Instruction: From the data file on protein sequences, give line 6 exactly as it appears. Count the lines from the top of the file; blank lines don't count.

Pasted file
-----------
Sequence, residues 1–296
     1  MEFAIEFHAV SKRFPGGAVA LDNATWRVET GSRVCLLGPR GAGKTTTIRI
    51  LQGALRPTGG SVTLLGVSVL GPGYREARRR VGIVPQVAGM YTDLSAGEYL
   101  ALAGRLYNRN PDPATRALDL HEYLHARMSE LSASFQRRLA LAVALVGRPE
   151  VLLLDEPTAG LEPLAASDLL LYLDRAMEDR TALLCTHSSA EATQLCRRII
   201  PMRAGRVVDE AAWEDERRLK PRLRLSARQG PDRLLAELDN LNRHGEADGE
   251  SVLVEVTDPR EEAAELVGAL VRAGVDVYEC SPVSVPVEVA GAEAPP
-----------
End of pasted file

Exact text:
   201  PMRAGRVVDE AAWEDERRLK PRLRLSARQG PDRLLAELDN LNRHGEADGE